By Valerie Volcovici and Roberta Rampton
WASHINGTON (Reuters) - Republican senators on Thursday stalled the confirmation of President Barack Obama's pick to lead the U.S. Environmental Protection Agency, saying they were "completely unsatisfied" with answers provided by Gina McCarthy on several topics.
Their decision to boycott the Senate Environment Committee meeting on her nomination was the latest in a series of procedural moves by Republicans that have made it difficult for Obama to get his second-term Cabinet in place. Obama has complained that Republicans have stymied his agenda at every turn.
The dispute over McCarthy stems from more than 1,000 written questions Republican senators asked her after her confirmation hearing - what Democrats say is a new record for the number of written questions asked of a nominee.
An administration official said she answered every one.
David Vitter of Louisiana, the top Republican on the Environment Committee, told reporters their boycott was not related to McCarthy's qualifications but to her refusal to answer questions about transparency within the agency.
All eight committee Republicans refused to participate in a scheduled vote on McCarthy, leaving her nomination in limbo and unable to advance to the next stage - a full Senate vote.
The White House responded with outrage. "There has been a historic level of obstructionism from the Senate on this nomination and others," White House spokesman Jay Carney told reporters aboard Air Force One.
Republican senators noted that Environment Committee Democrats, when in the minority, staged a similar boycott in 2003 of EPA nominee Michael Leavitt, forcing a vote to be rescheduled. Leavitt was ultimately confirmed.
It was not immediately clear when the committee would reschedule the vote, which McCarthy is expected to clear, given that Democrats hold a majority on the panel.
Republican Senator Roy Blunt, who is not a member of the Environment Committee, has already said he will put a hold on McCarthy in the full Senate because of delays in approvals for a floodway project in his home state of Missouri.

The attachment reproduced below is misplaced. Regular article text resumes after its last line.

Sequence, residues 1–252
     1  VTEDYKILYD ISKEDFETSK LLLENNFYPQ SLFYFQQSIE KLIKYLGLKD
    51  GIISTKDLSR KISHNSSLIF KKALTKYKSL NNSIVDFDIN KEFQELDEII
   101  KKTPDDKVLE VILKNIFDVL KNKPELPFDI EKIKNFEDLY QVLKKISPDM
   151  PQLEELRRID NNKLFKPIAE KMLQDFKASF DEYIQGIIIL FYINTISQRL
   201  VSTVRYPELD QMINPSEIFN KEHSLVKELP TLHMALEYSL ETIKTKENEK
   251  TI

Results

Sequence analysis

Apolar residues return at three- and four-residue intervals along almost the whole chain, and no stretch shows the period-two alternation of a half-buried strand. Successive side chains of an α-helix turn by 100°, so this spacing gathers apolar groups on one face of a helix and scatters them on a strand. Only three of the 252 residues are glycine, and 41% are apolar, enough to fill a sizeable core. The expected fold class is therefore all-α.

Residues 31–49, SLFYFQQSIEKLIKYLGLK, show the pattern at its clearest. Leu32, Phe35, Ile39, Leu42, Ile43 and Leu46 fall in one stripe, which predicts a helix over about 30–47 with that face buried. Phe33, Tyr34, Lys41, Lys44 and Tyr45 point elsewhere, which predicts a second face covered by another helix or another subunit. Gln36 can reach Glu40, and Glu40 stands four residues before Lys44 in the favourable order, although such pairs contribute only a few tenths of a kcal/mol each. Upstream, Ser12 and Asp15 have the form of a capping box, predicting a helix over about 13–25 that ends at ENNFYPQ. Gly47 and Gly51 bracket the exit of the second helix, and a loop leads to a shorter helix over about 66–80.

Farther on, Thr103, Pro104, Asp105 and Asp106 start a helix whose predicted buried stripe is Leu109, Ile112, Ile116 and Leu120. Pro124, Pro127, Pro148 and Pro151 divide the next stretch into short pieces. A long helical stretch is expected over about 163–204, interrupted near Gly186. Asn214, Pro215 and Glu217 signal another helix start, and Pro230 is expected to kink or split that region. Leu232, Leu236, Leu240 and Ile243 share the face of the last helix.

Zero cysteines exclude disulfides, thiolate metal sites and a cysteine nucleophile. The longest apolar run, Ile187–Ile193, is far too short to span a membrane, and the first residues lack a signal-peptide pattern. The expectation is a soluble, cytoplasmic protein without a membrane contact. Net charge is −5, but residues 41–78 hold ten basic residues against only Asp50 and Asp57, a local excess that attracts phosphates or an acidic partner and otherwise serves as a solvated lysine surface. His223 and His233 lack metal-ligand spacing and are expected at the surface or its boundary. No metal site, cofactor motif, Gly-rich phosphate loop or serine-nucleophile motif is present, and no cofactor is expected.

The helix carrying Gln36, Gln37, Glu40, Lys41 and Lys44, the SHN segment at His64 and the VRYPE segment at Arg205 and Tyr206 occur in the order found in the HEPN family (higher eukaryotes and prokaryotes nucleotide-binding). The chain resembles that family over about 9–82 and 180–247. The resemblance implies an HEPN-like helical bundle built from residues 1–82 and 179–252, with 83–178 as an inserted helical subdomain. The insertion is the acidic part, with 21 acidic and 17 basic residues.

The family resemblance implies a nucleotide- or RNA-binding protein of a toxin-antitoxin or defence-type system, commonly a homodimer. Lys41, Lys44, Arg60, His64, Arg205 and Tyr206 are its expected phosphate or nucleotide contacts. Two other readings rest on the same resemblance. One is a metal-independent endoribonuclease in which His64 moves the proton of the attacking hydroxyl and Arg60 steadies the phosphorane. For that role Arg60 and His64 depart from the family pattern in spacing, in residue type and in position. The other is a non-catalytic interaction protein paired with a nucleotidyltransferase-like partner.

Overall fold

PAGES OF QUESTIONS
The number of written questions for McCarthy far exceeded those faced by other Cabinet members and previous EPA picks.
Republicans asked Lisa Jackson, Obama's first EPA administrator, 118 questions after her nomination hearing, said a Democratic official familiar with the nomination process.
Jack Lew, now treasury secretary, fielded 462 written questions after his confirmation hearing earlier this year.
"Part of the goal is to wear down and make untenable the nomination," said George Washington University's Sarah Binder, an expert on Congress, who said in an interview that Obama has had a difficult time getting Senate approval for his Cabinet choices compared to previous presidents.
Although the Democratic majority controls the Senate and its committees, congressional rules give some procedural advantages to the minority Republicans enabling them to stall or block legislation and nominees.
The boycott of McCarthy's vote comes a day after Republican senators used an obscure procedural rule to delay a scheduled committee vote on Obama's nominee for labor secretary, Thomas Perez.
The nomination of Ernest Moniz, Obama's pick to head the Energy Department, has also stalled over a dispute with a South Carolina senator about the government's management of a nuclear waste disposal project in the state.
Earlier this year, Defense Secretary Chuck Hagel and Central Intelligence Agency Director John Brennan also had tough work getting Senate confirmation.
AGGRESSIVE EPA RULES
In his first term, Obama aggressively used EPA authority to try to cut pollution, although the White House ultimately killed a rule that would have regulated ozone levels because it would have cost too much.
Republicans have argued that various EPA rules have hurt jobs, and the coal industry in particular, and have accused the agency of not being transparent in its policies, including in the way it handles internal communications, the use of personal emails and the way it uses data in EPA rulemaking.
McCarthy was in charge of developing many of those regulations in her previous job at the EPA. She is well-known among lawmakers, and industry groups regulated by the EPA, including the American Petroleum Institute backed her nomination when it was announced. The API had no immediate comment on Thursday's actions.
McCarthy was a state environmental official in Connecticut and Massachusetts before joining the EPA in 2009 as assistant administrator of the Office of Air and Radiation. She sailed through the Senate nomination process for that role. She was the top environmental enforcer for Mitt Romney, the 2012 Republican presidential nominee, when he was governor of Massachusetts.
Environmental groups called the Republican tactics "new lows" given her qualifications and popularity.
"By any measure, Gina McCarthy deserves to be confirmed, but Republicans on this committee are apparently more concerned with scoring political points than protecting public health," said Gene Karpinski, president of the League of Conservation Voters.
Democratic Senator Tom Carper of Delaware said McCarthy had gone "above and beyond the requirements of a nominee" in answering more than 1,000 questions and meeting with almost half the 100-member Senate.
Wyoming Republican John Barrasso said the delay in McCarthy's nomination would not pose an operational problem for the agency, calling acting administrator Bob Perciasepe was "more than qualified" to run the EPA in the meantime.
(Reporting by Valerie Volcovici and Roberta Rampton; additional reporting by Rachelle Younglai; writing by Ros Krasny; editing by Vicki Allen and Jackie Frank)